Original Painting of Gray and Black Bird


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Gerónima Cruz Montoya (1915 – 2015) P’otsúnú – White Shell

Photo source: Picture of Gerónima Cruz Montoya from the website of University of Arizona/Arizona State Museum.As a child, Gerónima Cruz Montoya (P'otsúnú) was taken from her native pueblo (Ohkay Owingeh, formerly known as San Juan Pueblo) and sent to the Santa Fe Indian School, as was the routine for all Pueblo Indian students of the time. The irony is that she hated the place at first; running away from the legacy that she would later help develop. Like many early students of the Santa Fe Indian School, she resented being taken from her pueblo to the boarding school. The tutelage of Dorothy Dunn, founder of the famous "Studio", fostered in the young girl a love of art that remained for her life.  Montoya would succeed Dunn as the director of the arts program at SFIS, and oversee it for the next quarter century, before leaving to start the San Juan Crafts Co-Op. She retired in 1973 to focus on her own art.

“My style of painting is very simple.  My subjects are mainly traditional dances, home scenes and designs.  My inspiration also come from Mimbres figures, pictographs, and petroglyphs.  I continually experiment with new forms and styles.” Shutes and Mellick 1979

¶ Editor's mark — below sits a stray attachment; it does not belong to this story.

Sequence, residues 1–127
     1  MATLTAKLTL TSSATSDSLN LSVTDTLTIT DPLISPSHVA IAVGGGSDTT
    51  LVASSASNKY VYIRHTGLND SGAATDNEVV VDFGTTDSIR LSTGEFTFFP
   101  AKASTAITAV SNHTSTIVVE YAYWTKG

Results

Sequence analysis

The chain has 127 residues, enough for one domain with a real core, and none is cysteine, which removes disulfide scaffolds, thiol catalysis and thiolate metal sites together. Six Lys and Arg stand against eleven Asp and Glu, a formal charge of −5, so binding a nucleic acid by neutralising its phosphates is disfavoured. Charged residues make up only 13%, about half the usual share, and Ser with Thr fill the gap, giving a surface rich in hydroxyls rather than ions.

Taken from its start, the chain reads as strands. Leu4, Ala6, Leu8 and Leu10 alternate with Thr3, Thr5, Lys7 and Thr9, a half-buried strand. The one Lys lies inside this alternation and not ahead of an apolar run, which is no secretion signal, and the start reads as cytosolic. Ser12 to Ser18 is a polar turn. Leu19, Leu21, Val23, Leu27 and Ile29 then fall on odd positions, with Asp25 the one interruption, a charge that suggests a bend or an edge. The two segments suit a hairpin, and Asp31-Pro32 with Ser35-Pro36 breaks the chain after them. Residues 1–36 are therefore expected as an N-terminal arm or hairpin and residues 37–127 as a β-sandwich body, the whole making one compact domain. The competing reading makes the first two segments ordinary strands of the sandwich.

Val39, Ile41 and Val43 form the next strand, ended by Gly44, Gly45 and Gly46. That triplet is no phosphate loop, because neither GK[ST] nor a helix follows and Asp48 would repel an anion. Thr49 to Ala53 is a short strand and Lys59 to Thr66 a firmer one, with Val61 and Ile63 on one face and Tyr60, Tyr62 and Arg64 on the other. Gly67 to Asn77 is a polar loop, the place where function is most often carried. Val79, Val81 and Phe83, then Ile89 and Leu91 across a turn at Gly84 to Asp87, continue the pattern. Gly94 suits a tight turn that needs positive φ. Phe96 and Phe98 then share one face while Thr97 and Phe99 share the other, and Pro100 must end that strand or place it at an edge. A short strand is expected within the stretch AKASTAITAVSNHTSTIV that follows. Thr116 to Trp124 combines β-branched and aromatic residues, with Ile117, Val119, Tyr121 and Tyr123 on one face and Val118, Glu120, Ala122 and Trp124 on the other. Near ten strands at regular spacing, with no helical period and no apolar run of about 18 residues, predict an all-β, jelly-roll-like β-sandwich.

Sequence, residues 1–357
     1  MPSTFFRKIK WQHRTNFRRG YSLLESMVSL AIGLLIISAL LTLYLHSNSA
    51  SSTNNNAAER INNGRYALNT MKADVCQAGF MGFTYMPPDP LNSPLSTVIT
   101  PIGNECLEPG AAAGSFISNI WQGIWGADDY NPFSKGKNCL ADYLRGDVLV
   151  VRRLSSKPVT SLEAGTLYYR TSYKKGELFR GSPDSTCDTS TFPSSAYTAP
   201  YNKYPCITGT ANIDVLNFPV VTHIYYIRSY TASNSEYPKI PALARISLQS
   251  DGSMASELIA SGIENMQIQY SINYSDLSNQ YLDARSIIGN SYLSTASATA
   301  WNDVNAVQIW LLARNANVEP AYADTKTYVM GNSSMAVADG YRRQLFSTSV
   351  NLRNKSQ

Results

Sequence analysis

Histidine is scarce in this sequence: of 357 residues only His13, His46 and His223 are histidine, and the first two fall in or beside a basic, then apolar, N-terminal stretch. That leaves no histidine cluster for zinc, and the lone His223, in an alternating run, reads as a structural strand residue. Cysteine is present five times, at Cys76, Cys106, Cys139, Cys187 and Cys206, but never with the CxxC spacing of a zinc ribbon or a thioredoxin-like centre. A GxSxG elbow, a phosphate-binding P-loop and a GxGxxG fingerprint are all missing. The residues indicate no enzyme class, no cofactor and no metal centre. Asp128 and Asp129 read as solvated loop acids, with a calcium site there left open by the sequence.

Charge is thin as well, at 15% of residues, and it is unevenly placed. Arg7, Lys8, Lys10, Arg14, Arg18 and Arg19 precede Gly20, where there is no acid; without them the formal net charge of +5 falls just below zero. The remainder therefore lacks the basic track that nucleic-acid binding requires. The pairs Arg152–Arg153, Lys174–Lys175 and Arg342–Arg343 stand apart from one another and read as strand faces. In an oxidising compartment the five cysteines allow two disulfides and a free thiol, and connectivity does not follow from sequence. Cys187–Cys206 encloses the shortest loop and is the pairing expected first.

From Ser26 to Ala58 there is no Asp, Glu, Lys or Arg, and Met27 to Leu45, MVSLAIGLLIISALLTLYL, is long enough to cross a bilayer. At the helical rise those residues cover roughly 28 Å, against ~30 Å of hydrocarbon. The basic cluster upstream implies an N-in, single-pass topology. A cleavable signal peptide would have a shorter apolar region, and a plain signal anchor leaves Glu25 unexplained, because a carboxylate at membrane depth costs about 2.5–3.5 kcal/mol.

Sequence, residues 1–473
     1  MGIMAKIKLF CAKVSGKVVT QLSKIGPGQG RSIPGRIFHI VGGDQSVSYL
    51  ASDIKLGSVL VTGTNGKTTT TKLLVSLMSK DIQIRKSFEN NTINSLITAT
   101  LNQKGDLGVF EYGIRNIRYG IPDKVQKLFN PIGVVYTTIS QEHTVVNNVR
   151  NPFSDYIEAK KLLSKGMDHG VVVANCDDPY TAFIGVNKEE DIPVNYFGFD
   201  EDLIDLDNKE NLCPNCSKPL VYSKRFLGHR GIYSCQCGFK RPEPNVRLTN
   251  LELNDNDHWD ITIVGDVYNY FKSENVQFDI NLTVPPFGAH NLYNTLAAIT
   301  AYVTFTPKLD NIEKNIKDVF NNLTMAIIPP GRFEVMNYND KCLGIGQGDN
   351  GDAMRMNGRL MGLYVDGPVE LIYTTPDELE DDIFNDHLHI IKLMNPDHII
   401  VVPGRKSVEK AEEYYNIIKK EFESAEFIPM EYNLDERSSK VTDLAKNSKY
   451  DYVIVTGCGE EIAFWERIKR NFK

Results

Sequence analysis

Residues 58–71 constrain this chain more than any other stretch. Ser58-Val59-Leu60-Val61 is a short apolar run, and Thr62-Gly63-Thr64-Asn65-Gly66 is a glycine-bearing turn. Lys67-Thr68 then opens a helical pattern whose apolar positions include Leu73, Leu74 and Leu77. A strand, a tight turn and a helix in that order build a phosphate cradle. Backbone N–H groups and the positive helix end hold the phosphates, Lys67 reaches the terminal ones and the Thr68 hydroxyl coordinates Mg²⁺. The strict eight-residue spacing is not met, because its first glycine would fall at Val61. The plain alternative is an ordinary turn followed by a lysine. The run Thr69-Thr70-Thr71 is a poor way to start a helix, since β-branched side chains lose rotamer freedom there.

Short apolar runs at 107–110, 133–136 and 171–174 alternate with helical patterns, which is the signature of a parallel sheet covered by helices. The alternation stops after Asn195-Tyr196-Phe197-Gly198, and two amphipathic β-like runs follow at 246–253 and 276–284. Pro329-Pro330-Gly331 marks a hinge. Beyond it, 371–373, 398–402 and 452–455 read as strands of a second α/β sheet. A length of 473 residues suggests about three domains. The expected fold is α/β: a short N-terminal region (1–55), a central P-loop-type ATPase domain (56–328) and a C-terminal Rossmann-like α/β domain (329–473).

Four years ago, when the gallery exhibited paintings by most of the early students of the Indian School, a friend brought Montoya to the gallery to see the exhibit.  As she stood in front of each painting, she exclaimed about the artist as a student and made statements about each. Of one artist, she said, “I had to run him out of class every day because he just wanted to work.”  Of another, she mused about how mischievous he was. She obviously remembered each student intimately and enjoyed reminiscing about those early days and early students and her memories of them were sharp and amazing. It was a pleasure to see her enjoy our exhibit and was an honor to have met her and known her for even a short couple of hours.  The art world has truly lost a Living Treasure, an award bestowed on her in 2004 by the City of Santa Fe.

This untitled painting by Geronima Montoya features a bird depicted in profile. Montoya’s bird is bold, made of thick black lines that are wide but precise.  Its one visible eye, exaggerated in size, seems to look directly at the viewer. Save for its legs and a series of lines crossing its body vertically, the bird is made entirely of gently curving forms.  It’s a skillful, charming composition that, while obviously fairly simple, could only have been created by a talented, experienced hand. Montoya’s muted palette of gray, black and white is very attractive, and certainly atypical of Pueblo paintings.  This color scheme extends to the layered mats and thin wooden frame, creating a very strong presentation from a significant figure in the history of Pueblo Indian painting.

Artist Signature - Gerónima Cruz Montoya (1915 – 2015) P’otsúnú – White ShellThe painting is signed P'otsúnú and dated ‘77 in lower right.

Condition: this Original Painting of Gray and Black Bird excellent condition

Provenance: from a client from Colorado

Recommended Reading: The Worlds of P´otsúnú: Geronima Cruz Montoya of San Juan Pueblo by Jeanne Shutes and Jill Mellic

Relative Links: Gerónima Cruz MontoyaNative American PaintingOhkay Owingeh Pueblo – San Juan Pueblo

Photo source: Picture of Gerónima Cruz Montoya from the website of University of Arizona/Arizona State Museum.

Gerónima Cruz Montoya (1915 – 2015) P’otsúnú – White Shell
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